By Luke Nix
A few months ago, an article on Lifehacker with some financial advice caught my attention. In today’s materialistic (financially speaking, not philosophically speaking) society, resentment towards those who spend more than we do is a real problem. Whether the source of the money is hard work, financial responsibility, a gift, a stroke of luck, a “cush” job, credit, something else, or a combination of any number of those things, there is a tendency for these people to be resented by others based upon their choices with money. While this may seem like something that is far removed from any apologetic topic, it really is not. This resentment is a feature of the fallen human condition, and any worldview that claims to be true must be able to explain its existence and have a solution for it, if it really is such a problem in the first place. Lifehacker is definitely not a religious site, and while I do not pretend to know the worldview of the author, generally there is at least an attempt by the authors to answer questions from within the secular worldview. So I was interested to see how the author would attempt to address this issue. I will start with looking at what is offered in the article and provide a practical critique, then I will offer an alternative that has greater explanatory power and practical usage. I would encourage the reader to check out the article before continuing. It can be read here: How to Deal With Resentment When Your Friends Make More Money Than You
What Solutions Did Lifehacker Offer?
While all the ideas in the article are good bandages, they do not address the cause of the problem. Since they do not address the cause, the resentment will return again and again. The solutions offered are good in the sense that they will last temporarily, but they will not fix the problem in the long term.
The first solution offered is to repeatedly “forgive” the other person for their ignorance of the resentful person’s situation. This will get frustrating over time because the resented person is never made aware of how they have “offended” the resentful person and will never be provided the opportunity to change (not that they have actually done anything immoral that requires a change, anyway, so communicating such is likely to be challenged and cause two-way resentment).
The second suggestion is that the resentful person replaces the negative story in their head, about the resented person’s situation and how they can spend more, with a more positive story about that person’s situation. The problem with this is that all that is being suggested is to replace one speculation with another speculation. The author encourages the reader to tell themselves whatever they have to (true or not) to make them feel good about the person they resent rather than feel resentful toward them. Unless the resentful person habitually lies to themselves for practical reasons or is used to believing useful fictions, this will not last long either. A person can only believe something they know to be false for so long before they finally reject it and lose any “benefit” from believing it.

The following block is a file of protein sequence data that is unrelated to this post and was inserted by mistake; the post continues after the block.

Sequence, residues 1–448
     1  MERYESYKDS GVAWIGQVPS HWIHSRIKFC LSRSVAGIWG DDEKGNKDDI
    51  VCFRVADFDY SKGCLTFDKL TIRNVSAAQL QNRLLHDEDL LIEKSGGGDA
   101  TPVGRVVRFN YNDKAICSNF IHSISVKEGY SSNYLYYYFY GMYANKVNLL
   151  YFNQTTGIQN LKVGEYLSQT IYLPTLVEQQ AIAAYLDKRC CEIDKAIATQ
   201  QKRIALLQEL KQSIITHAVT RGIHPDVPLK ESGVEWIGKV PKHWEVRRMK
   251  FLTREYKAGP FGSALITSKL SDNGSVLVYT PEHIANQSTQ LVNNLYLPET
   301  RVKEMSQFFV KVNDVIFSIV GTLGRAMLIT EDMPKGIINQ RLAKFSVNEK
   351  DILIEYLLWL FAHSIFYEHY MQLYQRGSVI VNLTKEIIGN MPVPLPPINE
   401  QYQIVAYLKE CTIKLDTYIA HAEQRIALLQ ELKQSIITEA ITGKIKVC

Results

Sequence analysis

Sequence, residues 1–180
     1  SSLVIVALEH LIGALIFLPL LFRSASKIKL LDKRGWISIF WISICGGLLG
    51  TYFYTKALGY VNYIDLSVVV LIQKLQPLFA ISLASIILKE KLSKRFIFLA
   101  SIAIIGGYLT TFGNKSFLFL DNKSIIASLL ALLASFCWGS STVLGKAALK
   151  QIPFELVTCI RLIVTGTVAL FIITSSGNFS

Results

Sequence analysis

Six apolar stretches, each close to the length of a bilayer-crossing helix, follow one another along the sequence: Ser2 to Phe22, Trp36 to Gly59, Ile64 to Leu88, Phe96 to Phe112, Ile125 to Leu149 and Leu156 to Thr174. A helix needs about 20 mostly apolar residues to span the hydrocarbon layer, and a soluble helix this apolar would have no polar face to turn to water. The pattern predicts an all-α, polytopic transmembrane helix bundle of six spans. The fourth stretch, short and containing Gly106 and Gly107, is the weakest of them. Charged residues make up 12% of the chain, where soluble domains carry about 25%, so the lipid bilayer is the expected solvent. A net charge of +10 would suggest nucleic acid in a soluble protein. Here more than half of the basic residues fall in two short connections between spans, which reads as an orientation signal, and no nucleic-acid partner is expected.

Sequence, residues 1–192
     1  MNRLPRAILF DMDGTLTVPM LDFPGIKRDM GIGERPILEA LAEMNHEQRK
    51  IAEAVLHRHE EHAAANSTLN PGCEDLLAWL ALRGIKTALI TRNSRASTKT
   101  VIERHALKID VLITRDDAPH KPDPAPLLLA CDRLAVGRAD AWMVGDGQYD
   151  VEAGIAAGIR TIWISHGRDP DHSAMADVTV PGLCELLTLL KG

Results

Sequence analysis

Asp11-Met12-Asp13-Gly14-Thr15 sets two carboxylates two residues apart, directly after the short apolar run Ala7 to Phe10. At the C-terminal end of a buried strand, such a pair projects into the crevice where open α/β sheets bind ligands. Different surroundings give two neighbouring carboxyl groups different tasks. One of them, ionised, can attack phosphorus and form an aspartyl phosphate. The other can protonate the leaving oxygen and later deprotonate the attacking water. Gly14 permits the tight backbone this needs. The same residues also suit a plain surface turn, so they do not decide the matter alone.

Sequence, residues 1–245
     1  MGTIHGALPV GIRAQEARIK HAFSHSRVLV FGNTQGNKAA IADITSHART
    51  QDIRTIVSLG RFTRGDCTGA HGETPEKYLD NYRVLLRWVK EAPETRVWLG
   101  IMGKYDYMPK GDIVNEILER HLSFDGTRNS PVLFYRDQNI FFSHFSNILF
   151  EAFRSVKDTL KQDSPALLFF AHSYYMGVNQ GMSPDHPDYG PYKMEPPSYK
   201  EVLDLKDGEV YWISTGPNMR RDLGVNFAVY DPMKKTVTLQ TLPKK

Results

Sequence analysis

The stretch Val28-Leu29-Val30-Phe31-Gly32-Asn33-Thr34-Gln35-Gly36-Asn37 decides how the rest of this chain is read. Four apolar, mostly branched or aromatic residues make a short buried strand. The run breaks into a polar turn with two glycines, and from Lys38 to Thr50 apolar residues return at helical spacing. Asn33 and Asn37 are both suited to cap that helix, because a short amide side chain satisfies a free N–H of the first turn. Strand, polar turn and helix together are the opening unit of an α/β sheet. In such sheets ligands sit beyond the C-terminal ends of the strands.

The third idea offered is merely a more systematic way of “keeping up with the Joneses.” The goal is to be able to spend the way the other person does so that the resentful person is their materialistic equal. This too will not fix any issues with resentment for the object of the resentment will just change from the one person, who is now their equal, to the next person who spends even more. The resentment is not removed, it is displaced temporarily only to return and be targeted at another person. Ironically, in this “solution” resentment is self-perpetuating and never-ending.
The failure of all of these solutions indicates the failure of the explanation (worldview) that they are grounded in. Thus an alternative worldview (with a viable solution) is necessary.
What Is The Source?
While the author did not explicitly say that the resentful person is the problem, she did imply it in her focus on changing the person feeling the resentment. While I do believe that she is generally correct about the location of the problem, the specific identification of the problem is incorrect, thus so are the offered solutions based on that incorrect problem (this is how the secular worldview fails the test of practicality).
Temporary vs. Permanent